Continuous monitoring of sulphur dioxide emissions by enterprises that use petroleum coke as a fuel.
Law governing social administrative offences
Maximum mass limits and minimum mass thresholds for the monitoring of atmospheric pollutants
RULING No. 274/12
25 of May of 2012
He norm which, in the light of the special risks that result from the use of petroleum coke fuels, requires all enterprises that use this type of fuel to continuously monitor emissions is not contrary to the constitutional principles of universality and free competition. Every enterprise that uses petroleum coke is subject to the same rules, and all of them are entitled to opt for another type of fuel. Moreover, the imposition of this continuous monitoring obligation specifically on enterprises that use this fuel is not intended to arbitrarily discriminate against them in relation to other enterprises, and the regulatory option in question is based on clear, objective criteria. This solid fuel contains high levels of impurities that are hard to remove prior to use, so safety and control measures designed to protect human life and the environment are important. The decision to impose the legal duty that was challenged in the present case was thus founded on a justification that is sufficient to exclude any finding of arbitrariness, and sought to pursue policies and values that are guaranteed by the Constitution: the promotion of fundamental tasks with which the state is charged in relation to citizens’ well-being and quality of life; the effective implementation of the right to a human life environment that is healthy and ecologically balanced, and the fulfilment of the duty to defend that right; and the defence of the environment in general. Nor is it possible to consider that by making it obligatory for enterprises that use petroleum coke to continuously monitor sulphur dioxide emissions, the state intervened in a way which constitutes an illegitimate disincentive for business activities, despite the fact that this implies an increase in those enterprises’ production costs. This is because the state’s goal was to protect the general interest, which, notwithstanding recognition of the freedom of private initiative, must always be taken into account. The Constitutional Court thus concluded that the norm before it is not unconstitutional.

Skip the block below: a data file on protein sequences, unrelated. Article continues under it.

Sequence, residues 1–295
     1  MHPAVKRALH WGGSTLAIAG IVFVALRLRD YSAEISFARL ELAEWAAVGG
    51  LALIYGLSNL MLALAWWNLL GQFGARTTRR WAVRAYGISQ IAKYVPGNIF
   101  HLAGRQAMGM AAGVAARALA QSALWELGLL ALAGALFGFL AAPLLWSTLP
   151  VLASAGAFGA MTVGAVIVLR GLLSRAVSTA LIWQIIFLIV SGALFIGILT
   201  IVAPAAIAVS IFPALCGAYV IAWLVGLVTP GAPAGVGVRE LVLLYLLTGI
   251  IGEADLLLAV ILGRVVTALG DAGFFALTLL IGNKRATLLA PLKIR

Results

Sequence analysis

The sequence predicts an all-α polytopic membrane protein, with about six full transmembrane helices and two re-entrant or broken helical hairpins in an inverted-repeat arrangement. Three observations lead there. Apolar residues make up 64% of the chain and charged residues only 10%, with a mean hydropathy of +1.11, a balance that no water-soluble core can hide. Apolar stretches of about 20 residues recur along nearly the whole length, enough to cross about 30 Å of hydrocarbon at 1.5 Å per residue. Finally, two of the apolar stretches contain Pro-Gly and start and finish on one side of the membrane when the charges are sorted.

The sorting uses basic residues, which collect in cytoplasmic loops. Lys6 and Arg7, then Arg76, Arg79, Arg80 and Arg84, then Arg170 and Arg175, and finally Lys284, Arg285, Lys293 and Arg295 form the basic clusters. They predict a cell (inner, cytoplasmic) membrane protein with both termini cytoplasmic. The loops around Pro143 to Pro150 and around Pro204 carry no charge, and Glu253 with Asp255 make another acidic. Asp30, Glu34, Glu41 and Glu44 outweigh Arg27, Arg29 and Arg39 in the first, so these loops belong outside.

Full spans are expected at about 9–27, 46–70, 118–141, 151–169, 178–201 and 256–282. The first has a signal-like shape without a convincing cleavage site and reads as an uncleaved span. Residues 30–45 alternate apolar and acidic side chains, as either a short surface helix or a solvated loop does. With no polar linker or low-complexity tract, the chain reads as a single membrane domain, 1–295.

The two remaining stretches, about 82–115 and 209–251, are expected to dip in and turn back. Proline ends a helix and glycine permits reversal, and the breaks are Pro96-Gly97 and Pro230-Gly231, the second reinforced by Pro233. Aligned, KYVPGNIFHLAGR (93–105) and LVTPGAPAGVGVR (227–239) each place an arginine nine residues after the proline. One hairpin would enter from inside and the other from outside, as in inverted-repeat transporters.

The issue in this case was the alleged organic and material unconstitutionality of the part of a Ministerial Order which made it obligatory to continuously monitor sulphur dioxide (SO2) emissions in combustion facilities that consume petroleum coke as a fuel, whatever their mass flow. The appellant in this case was a private company. It alleged that the norm was organically unconstitutional, arguing that when the Ministerial Order said that the regime under which such provisions only apply above a certain mass flow is not applicable to combustion facilities that consume petroleum coke, it created a new administrative offence. The legislation which the Ministerial Order regulated (which established the regime governing the prevention and control of polluting emissions into the atmosphere, laying down the appropriate principles, objectives and instruments for ensuring the protection of the natural resource ‘air’, together with the measures, procedures and obligations applicable to the operators of the facilities in question, with a view to avoiding the atmospheric pollution generated in those facilities or reducing it to acceptable levels) says that emissions of pollutants whose mass flow exceeds a threshold to be decided by Ministerial Order are subject to continuous monitoring. In the appellant’s view, establishing a mandatory continuous monitoring regime regardless of mass flow for combustion facilities that consume petroleum coke was organically unconstitutional because it created a new administrative offence, thereby breaching the Assembly of the Republic’s partially exclusive legislative competence. In addition, the appellant argued that the norm also suffered from material unconstitutionality, because it violated the principles of the universality of the treatment of every enterprise and of free competition between enterprises.